Trainer Leonard Powell isn't afraid to be a bit different from his colleagues on the Southern California circuit. While others dream of roses and meet titles, 41-year-old Powell has a similar sense of achievement after a solid allowance win as he does in a stakes race.
“A lot of people say, ‘I want to win the Kentucky Derby or the Prix de l'Arc de Triomphe or the Epsom Derby,'” he said. “I don't have a race in mind. I'm just very satisfied when I can get the best achievement for the horse.”
Still, that doesn't mean Powell was unenthusiastic about his first career Grade 1 victory, which came Saturday, courtesy of Fatale Bere in the G1 Del Mar Oaks. Powell said the 3-year-old French-bred filly had been training well but didn't give him any major hints she may be sitting on a big performance.
“I was just hoping for a good trip because that's the key with her,” he said. “The first time around by the stands when she relaxed, I knew as long as she could get an opening and a clear run she was going to run her race. And on Saturday, running her race was good enough to win it.”
Powell would like to keep Fatale Bere in the company of other 3-year-olds for the remainder of the season and is considering the Queen Elizabeth II Stakes at Keeneland for her next start, then the American Oaks at Santa Anita. After that, Fatale Bere will get a vacation, which is something all of Powell's trainees can look forward to, before hopefully returning for a 4-year-old campaign. Powell gives horses of all levels periodic breaks of six weeks or so, even when they're training well – one of several European training methods he employs at his Santa Anita base.
“It's always better to give them a break when they are doing well than wait until it's too late,” he said. “It's like a human, you know? It's nice to go on vacation before you have the mental breakdown.”
Powell spent several decades learning from prominent horsemen on several continents before he hung out his own shingle in 2005. He grew up on his family's 200-acre Haras du Lieu des Champs in Normandy and rode flat and jump races as an amateur jockey. From there, he spent time studying under John Gosden and Martin Pipe of England's National Hunt races, Richard Mandella, Neil Drysdale, John Shirreffs, and the late Bill Currin stateside, as well as John Hawkes and Peter Snowden in Australia.
Powell has also spent much of his life surrounded by Thoroughbred talent: his brother Freddy is head of bloodstock at Arqana, while his stepbrother is well-known East Coast trainer Arnaud Delacour. Powell is also close with Flavien Prat, having spent a couple of seasons as Prat's official guardian when the young rider first came over from France.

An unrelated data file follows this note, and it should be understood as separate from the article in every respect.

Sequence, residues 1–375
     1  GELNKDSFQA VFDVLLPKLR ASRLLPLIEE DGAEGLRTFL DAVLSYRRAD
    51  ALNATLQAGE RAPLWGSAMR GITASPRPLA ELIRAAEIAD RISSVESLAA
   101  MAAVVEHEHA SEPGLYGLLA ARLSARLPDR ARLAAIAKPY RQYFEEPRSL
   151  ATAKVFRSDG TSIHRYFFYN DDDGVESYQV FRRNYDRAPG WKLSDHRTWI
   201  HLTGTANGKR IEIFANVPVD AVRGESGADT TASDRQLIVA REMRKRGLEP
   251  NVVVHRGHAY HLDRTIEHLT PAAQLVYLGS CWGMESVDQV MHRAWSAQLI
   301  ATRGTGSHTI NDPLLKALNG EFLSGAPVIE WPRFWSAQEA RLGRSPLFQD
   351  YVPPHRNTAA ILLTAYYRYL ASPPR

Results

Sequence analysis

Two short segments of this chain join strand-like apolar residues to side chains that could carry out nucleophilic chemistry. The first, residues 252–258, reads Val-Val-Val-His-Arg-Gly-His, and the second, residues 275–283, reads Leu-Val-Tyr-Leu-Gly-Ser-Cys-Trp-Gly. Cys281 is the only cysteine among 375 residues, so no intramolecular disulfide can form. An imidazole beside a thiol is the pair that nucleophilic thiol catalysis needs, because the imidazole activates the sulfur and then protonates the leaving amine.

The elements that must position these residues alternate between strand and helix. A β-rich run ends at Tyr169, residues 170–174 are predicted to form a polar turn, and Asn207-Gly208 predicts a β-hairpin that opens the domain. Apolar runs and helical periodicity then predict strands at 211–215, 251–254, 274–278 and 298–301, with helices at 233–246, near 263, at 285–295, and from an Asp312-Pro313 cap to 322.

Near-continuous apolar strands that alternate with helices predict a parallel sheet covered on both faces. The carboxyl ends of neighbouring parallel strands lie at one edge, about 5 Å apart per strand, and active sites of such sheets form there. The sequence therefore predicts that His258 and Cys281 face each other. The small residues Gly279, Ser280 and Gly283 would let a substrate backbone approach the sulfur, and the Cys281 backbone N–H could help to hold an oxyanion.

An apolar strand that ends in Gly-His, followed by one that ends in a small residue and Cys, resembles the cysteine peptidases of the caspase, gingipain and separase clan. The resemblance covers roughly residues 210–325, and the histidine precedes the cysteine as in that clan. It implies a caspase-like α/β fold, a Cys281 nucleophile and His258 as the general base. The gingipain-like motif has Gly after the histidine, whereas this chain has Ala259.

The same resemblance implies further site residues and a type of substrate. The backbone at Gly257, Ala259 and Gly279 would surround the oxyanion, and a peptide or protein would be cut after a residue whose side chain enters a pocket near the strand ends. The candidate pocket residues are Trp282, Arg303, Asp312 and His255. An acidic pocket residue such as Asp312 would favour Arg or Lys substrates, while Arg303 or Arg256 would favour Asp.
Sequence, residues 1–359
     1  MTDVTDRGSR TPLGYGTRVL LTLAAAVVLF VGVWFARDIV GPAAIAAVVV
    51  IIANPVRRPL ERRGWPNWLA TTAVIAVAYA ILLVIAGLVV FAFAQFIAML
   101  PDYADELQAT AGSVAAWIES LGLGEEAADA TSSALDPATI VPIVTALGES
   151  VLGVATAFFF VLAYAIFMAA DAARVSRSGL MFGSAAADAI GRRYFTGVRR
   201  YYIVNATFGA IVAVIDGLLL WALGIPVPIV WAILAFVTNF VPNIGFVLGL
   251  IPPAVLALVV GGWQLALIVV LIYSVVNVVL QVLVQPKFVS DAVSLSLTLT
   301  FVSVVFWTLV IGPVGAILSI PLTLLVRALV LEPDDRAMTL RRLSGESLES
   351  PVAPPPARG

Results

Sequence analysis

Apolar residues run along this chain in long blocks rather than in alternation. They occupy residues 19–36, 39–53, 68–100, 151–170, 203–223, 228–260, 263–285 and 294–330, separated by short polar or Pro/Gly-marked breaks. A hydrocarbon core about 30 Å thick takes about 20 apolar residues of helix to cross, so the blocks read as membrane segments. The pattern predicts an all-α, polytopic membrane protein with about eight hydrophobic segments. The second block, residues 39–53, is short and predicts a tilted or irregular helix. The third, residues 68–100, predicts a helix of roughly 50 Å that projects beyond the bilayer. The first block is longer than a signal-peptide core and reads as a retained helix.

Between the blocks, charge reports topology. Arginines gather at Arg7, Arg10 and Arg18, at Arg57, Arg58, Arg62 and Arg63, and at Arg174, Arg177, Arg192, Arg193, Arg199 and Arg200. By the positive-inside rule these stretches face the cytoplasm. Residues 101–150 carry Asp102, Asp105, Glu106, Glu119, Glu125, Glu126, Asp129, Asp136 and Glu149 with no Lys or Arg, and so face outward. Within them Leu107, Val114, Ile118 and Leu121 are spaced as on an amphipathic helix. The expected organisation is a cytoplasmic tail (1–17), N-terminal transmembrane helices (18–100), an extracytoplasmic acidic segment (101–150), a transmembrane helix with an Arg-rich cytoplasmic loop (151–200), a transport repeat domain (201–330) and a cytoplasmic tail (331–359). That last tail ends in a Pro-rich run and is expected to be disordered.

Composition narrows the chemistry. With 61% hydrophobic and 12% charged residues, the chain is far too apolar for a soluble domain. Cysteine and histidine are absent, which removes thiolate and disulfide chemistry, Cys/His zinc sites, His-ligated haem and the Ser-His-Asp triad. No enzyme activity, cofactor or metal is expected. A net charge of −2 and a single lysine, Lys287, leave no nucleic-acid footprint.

“There's a rule in California that if you're not 18 you have to have a guardian to look after you to get your jockey's license,” said Powell. “He had been at the jockey school and he was only 17 but already had a very good head on his shoulders and a natural talent on the side.”
On Saturday, Prat won the G2 Del Mar Handicap, and the countrymen went to dinner to celebrate.
Powell has tried to incorporate bits and pieces of the training philosophies he has accumulated into his program. Another trick he learned from his counterparts in Europe was the benefits of long walks. The greater Arcadia area doesn't have Chantilly's wide open spaces, so Powell trainees wander the backstretch when they're done working.
“It's just like for humans: walking is a very good exercise,” Powell said. “I think that's something that's very predominant in Europe and not as much in the U.S. People just get the horses out of the stall and cool them off but they don't consider walking to be a form of training,” he said. “Sometimes my riders joke that they went to Los Alamitos and back in one set.”
He still gallops his own horses as much as he can in the mornings, rotating through the string so he can check in with each. He said this helps him get to know the personalities he's working with, which is key to unlocking their talent. Powell is frank about the difference between a Grade 1 winner and an allowance horse, however: it comes down to talent, not any one exercise method. The best he can do is help the horse fulfill that innate talent.
“I mean, I did just win a Grade 1 a couple of days ago, but they aren't common. I train Grade 1 horses exactly the same as I train other horses,” he said. “It's not different, it's just that the horse is more talented and that's why she won a Grade 1.”
Take popular (and sometimes moody) 10-year-old stakes gelding Soi Phet.
“As a 10-year-old, I don't do anything different from what I do with the others. It's just that he's special,” Powell said. “You have to have the horse. There's no magic, you know. A lot of people train bad horses in a very good way and just because the horse is not talented, you don't see the results on the racetrack.”
Powell will continue to try to find the horses with top-shelf talent. He picks many of his own trainees and his wife Mathilde owns a share in many of the runners in the shed row. But he said he'll look forward to helping each horse be the best it can.
“To me the best satisfaction is when I know the horse has achieved his maximum performance,” he said. “Even if it's not a horse that's very talented but I've won a race with him and I know that's the best he can achieve, the best he can give the owner, that's the satisfaction I get, to get the essence of every horse.”
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